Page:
By nature, I'm a pretty competitive person. I have never encountered an opponent quite like programming. It's the ultimate competitor. Just when you think you've got a concept figured out, you get punched in the face by it and knocked down a peg.

Always Improving

Every day. Every single day - I work towards becoming a better developer. That honestly may not be for everyone, and you don't have to take my approach. I have such a passion for creating things programming is my outlet. Time seems to stand still when I'm problem-solving and creating.

After a few solid months I had really built up my skill set. After learning to become resourceful and how to put together websites and make small apps, I decided that it was time. I could not stand my job in sales. I needed a way out. About a year and a half after dropping out of college for the second time, it was time for me to see if I could make the switch. Countless early mornings and late nights of teaching myself how to code through all kinds of tutorials and youtube videos and books. I decided to get my feelers out into the job market to see if I was qualified.

I touched up my resume and my portfolio and I applied to 5 places. To my surprise, I landed an interview within a few hours. Things were moving in the right direction!

At the interview, I was asked a ton of questions about all of these technologies that I didn't really know about. I reiterated to the interviewer that though I didn't know them at the moment, I would work day and night to become familiar with them. I got a couple of 'uh-huhs' as they ushered me to the door explaining how they 'might be in touch'.

Let's be real. I had no chance at getting that job. I just wasn't ready yet, and frankly they should've never brought me in in the first place. In any event, I was still pretty discouraged as I figured this was my chance to finally get out of my dreaded sales job.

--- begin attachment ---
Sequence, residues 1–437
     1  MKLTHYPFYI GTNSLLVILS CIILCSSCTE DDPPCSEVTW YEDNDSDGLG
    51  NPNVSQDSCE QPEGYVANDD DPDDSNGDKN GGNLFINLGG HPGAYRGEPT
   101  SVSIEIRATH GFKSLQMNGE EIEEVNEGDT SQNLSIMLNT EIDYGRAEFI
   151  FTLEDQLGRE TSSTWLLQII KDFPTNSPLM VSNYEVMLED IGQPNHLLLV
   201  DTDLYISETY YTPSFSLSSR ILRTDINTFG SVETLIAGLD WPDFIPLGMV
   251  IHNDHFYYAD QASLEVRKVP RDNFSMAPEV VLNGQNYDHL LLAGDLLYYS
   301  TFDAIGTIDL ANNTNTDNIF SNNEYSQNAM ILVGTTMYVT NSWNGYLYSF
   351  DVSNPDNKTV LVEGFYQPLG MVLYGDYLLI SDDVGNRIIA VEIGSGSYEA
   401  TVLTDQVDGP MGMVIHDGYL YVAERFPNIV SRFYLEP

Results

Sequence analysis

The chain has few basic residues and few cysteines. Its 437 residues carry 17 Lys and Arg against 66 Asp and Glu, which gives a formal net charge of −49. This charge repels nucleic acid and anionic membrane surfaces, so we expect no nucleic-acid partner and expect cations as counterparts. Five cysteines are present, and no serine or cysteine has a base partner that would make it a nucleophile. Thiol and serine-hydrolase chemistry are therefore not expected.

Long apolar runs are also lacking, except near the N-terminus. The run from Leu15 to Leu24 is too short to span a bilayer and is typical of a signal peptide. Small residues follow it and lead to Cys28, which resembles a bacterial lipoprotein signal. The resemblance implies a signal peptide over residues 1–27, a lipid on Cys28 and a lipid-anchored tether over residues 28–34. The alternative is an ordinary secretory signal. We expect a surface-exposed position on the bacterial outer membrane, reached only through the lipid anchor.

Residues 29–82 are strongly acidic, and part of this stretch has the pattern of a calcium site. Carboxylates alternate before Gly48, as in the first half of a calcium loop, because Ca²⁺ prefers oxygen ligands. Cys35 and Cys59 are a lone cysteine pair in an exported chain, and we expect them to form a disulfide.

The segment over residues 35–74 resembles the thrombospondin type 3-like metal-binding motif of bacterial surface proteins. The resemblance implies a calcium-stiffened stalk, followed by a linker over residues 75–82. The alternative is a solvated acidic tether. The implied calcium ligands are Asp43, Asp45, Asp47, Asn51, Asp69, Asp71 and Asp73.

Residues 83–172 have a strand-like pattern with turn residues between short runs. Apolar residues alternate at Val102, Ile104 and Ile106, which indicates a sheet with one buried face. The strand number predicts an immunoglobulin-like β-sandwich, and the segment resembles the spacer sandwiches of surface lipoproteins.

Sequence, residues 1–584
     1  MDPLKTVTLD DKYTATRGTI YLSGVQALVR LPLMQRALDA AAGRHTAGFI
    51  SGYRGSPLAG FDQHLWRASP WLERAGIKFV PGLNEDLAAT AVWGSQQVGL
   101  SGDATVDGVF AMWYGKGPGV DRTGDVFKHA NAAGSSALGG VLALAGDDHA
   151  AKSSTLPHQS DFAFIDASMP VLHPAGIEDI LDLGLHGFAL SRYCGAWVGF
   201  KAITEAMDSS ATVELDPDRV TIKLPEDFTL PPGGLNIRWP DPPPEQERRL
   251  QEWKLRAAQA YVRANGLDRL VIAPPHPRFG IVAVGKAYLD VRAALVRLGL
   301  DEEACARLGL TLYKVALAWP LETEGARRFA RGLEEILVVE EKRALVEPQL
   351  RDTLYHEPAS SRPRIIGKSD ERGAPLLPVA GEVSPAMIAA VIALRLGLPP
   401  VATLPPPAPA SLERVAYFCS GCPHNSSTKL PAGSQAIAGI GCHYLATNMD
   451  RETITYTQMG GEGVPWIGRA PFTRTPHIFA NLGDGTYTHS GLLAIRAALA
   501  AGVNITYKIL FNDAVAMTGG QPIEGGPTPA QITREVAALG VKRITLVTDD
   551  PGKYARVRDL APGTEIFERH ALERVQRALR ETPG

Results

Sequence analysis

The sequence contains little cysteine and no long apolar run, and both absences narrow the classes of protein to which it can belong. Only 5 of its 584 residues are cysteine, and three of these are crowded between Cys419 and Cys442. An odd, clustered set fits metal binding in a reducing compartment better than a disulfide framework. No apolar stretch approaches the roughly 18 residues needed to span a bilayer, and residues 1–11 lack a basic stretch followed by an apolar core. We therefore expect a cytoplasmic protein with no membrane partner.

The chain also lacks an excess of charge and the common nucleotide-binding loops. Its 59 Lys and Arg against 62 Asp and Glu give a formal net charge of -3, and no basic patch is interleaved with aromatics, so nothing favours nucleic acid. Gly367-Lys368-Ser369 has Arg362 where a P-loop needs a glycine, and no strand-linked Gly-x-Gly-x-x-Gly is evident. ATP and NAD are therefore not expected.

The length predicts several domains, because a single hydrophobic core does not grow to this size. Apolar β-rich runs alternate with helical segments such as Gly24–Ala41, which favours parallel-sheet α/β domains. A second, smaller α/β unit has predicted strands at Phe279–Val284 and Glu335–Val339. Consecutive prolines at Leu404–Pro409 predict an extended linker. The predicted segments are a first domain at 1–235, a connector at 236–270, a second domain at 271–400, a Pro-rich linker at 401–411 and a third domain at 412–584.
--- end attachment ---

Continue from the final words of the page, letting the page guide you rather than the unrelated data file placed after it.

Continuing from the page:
The Second Interview

Sure enough, the next day I had received a call to schedule another interview at an agency which was only a short 2 hour drive from my house. I figured, what's worse - continuing to work at a job I hate, or rolling the dice and seeing what the company has to offer?

On my way to the interview, about 30 minutes in to the drive, I hit a ton of traffic. I was probably about 30 seconds from turning my car around but for some reason I waited it out and kept going.

The interview was for a front-end web developer who had a strong portfolio and solid experience with WordPress. This was me to a 't'. This position fit my skilset perfectly. If only it was closer to home!

The interview went great, which I thought to be unfortunate at the time because I told myself that it was ultimately too far for me to make it work. On my drive back home, they had called and offered me the job. Wow. Now things starting to become interesting.

I somehow had to make this work. I could not go back to sales. I responded to the hiring manager telling them that I unfortunately wouldn't be able to make it work as it was just too far and the mileage on my leased vehicle wouldn't allow it. I could, however, work from home.

To my surprise, they had came back with a slightly better offer, and told me I'd be able to work from home for 3 months while I figured out the logistics of how I could move within a reasonable distance to the office.

I couldn't believe it. Here was my golden ticket out of sales. It was the best day ever. I accepted the position almost immediately after I received their last email, and it's safe to say that the rest is history.

Credit Where It's Due

I will say. I've gotta give a ton of credit to my dude Gary Vaynerchuk. I've always been a pretty motivated person, but I would always seem to find some excuse to fall back on. I started listening to this dudes podcasts, and man, he just tells it like it is. If you hate your job, then quit. If you hate it that damn bad, then just quit. Find something else. No one will do it for you.

The in-your-face style of Gary Vee was what actually got me to start taking action, and holding myself accountable. I'd be foolish to at least not give him a shout out.

If you want something, then take what's yours.